LOS ANGELES – Anthem Inc. sued California’s insurance commissioner Tuesday for blocking its proposed $16.4 billion merger with WellPoint Health Networks Inc., a deal that would create the nation’s largest health insurer.
The suit, filed in Los Angeles County Superior Court, asks for a ruling that Anthem met all legal conditions for approval of the merger and to prevent Insurance Commissioner John Garamendi from blocking it.
“The commissioner is required to follow California law in making his decision and he failed to do that,” David R. Frick, Anthem’s chief legal officer, said in a statement.
“Filing this lawsuit is something we did not want to do,” said Larry C. Glasscock, Anthem’s chairman, president and chief executive officer. “However, we genuinely feel we have met all the legal requirements necessary for approval of the merger.”
The lawsuit names Garamendi and the Insurance Department. It specifically seeks a writ of mandate to overturn his decision to reject Anthem’s acquisition of a WellPoint California subsidiary called BC Life & Health Insurance Co. It is one of 75 WellPoint subsidiaries involved in the deal but the only one over which Garamendi would have jurisdiction.
“The commissioner’s decision is an illegal act that must be set aside,” the suit contends.
It contends that Garamendi rejected the deal “based upon his personal beliefs about public health care policy and executive compensation – grounds for disapproval which do not exist under the California Insurance Code.”
Garamendi said he welcomed the lawsuit as “an opportunity to fully investigate and for the public to fully understand” a merger plan that he called “abusive and reprehensible.”
It would create nearly $4 billion in debt for the companies that could have been used to provide services, the commissioner said in a conference call from Sacramento.
Garamendi said he believed he acted fully within sections of the California Insurance Code that allow him to reject deals that are not “fair and reasonable” to policyholders.
“I’m happy to take this to a judge anywhere,” Garamendi said, adding: “We have no intention of losing.”
The companies had argued the deal would benefit the 28 million people nationwide insured by Anthem and Thousand Oaks, Calif.-based WellPoint, parent of Blue Cross of California.
The insurance commissioner rejected the deal on July 23. Garamendi, who has oversight authority over about 4 percent of the deal, had said he could not “in good conscience” support the merger. Garamendi charged that it would pull $400 million a year out of California for three years (in the form of dividends sent to Indiana-based Anthem instead of remaining in the state) and an unlimited amount afterward to help Anthem finance the takeover. He also criticized a $76 million payout to WellPoint‘s chief executive, Leonard Schaeffer, who would lose his job.
Garamendi said that amount could provide a year’s worth of insurance coverage for 47,000 children in a state where 6 million people lack health insurance.
Garamendi’s decision was the last major hurdle in the process. The state’s Department of Managed Health Care had approved the deal, along with the federal government and nearly a dozen other states and territories affected by it.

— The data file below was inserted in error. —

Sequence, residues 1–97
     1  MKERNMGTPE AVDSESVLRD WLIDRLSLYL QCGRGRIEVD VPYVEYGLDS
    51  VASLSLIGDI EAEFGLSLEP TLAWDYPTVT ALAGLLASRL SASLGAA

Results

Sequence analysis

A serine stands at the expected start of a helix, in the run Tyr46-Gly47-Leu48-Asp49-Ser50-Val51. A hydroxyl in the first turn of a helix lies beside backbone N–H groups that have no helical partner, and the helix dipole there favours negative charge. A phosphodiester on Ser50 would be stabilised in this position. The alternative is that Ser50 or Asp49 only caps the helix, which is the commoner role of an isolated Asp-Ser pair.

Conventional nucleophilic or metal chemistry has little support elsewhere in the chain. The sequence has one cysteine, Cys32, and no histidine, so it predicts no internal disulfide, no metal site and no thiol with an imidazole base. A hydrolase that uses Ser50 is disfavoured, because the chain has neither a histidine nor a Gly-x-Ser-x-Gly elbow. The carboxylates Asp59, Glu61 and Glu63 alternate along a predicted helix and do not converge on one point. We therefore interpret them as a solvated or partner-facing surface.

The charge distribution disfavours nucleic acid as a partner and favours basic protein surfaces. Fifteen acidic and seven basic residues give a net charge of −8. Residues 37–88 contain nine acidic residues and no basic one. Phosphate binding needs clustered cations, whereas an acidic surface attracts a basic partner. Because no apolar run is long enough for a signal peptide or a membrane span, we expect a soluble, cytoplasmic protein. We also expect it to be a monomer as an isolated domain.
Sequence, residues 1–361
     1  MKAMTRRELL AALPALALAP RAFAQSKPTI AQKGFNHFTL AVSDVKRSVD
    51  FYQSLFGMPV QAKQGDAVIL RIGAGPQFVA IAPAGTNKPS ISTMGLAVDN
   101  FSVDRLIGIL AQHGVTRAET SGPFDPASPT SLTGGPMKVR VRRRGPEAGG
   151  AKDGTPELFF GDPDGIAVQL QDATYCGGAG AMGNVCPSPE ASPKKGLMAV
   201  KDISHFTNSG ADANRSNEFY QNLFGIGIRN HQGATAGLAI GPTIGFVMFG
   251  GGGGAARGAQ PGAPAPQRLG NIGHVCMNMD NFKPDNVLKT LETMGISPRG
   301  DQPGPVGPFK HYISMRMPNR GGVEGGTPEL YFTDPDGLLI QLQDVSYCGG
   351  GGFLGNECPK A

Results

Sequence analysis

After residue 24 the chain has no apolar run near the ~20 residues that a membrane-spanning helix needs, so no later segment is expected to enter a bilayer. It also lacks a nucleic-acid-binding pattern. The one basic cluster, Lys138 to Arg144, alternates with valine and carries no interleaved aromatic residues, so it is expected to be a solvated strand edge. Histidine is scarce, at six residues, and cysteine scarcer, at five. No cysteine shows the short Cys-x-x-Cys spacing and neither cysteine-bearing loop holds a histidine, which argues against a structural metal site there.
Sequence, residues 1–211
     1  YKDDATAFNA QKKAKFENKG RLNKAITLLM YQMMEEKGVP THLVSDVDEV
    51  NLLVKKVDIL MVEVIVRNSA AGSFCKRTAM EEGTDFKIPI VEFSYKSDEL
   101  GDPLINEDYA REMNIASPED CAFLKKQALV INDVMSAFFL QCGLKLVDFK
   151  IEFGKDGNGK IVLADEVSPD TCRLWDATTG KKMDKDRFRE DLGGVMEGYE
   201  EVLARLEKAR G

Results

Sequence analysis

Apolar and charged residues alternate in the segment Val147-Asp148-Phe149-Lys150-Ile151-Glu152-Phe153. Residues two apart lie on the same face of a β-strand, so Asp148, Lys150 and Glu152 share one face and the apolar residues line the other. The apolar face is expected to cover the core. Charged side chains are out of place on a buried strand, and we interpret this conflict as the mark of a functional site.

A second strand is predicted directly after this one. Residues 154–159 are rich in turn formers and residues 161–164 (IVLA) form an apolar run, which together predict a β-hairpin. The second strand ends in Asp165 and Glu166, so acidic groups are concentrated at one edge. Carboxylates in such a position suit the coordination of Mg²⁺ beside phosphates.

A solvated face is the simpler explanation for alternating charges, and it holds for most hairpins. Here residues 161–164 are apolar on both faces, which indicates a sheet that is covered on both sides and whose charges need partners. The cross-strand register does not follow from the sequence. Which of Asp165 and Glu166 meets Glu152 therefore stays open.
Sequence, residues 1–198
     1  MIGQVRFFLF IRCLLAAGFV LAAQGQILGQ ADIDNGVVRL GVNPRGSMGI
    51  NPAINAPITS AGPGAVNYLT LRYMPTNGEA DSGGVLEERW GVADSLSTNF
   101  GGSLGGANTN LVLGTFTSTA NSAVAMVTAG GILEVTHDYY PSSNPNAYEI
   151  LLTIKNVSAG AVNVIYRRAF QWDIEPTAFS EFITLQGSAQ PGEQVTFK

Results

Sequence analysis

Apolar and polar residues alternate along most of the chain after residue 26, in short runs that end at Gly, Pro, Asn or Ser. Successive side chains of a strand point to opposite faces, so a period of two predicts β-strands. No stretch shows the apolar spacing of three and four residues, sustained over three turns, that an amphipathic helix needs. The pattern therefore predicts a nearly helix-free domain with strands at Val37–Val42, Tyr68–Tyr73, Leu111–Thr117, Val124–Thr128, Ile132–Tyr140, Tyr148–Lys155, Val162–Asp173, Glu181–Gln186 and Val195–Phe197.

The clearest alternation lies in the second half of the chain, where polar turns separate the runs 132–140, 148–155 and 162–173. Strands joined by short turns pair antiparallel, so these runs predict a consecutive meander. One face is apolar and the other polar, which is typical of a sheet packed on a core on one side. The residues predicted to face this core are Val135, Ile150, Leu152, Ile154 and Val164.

The companies argued it would strengthen the ability to compete in the crowded California marketplace and provide better services.
Anthem spokesman Ed West said the company had testified that it estimated the merger costs at only $300 million and had promised it would be paid through a combination of debt and cash on hand. No premiums would be raised, he said.
“No policyholder, physician or hospital will be expected to pay any of that,” he said Tuesday.
WellPoint and Anthem said they agreed to numerous concessions for the change in ownership of Blue Cross of California, which insures 7 million Californians.
Among them, Blue Cross will invest $17 million in mental health and child obesity programs, up to $100 million over 20 years for health care in rural and underserved communities and $5 million over three years to increase enrollment in the state’s Healthy Families Program.
WellPoint put a full-page ad supporting the merger in Tuesday’s Los Angeles Times, arguing that the merger “will help those currently insured by containing costs, increasing available programs , and making better medical information more widely available.”
Critics claim the companies would have to raise premiums to deal with the costs of the merger.
“I think it’s going to be a real uphill battle,” Jerry Flanagan, of the Foundation for Taxpayer and Consumer Rights, said of the lawsuit.
In general, California courts have granted the insurance commissioner “broad authority to protect policyholders,” he said.
“There’s a $4 billion price tag for patients to pay … this is not something that’s in the best interests of California” and Garamendi should have an easy time proving it in court, Flanagan said.
The U.S. Department of Justice, Puerto Rico and nine other affected states – Delaware, Illinois, Georgia, Missouri, Oklahoma, Texas, Virginia, West Virginia and Wisconsin – have approved the merger.
The stock prices of both companies fell Tuesday after the announcement. Anthem shares closed down 94 cents a share at $81.36 on the New York Stock Exchange.
WellPoint‘s shares fell 72 cents to $99.81.